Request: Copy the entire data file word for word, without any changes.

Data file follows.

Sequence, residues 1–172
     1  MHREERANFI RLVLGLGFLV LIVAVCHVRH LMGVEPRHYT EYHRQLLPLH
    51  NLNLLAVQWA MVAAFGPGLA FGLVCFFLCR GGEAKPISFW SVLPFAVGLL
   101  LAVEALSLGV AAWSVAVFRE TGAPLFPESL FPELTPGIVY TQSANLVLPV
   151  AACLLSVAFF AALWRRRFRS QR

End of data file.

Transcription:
Sequence, residues 1–172
     1  MHREERANFI RLVLGLGFLV LIVAVCHVRH LMGVEPRHYT EYHRQLLPLH
    51  NLNLLAVQWA MVAAFGPGLA FGLVCFFLCR GGEAKPISFW SVLPFAVGLL
   101  LAVEALSLGV AAWSVAVFRE TGAPLFPESL FPELTPGIVY TQSANLVLPV
   151  AACLLSVAFF AALWRRRFRS QR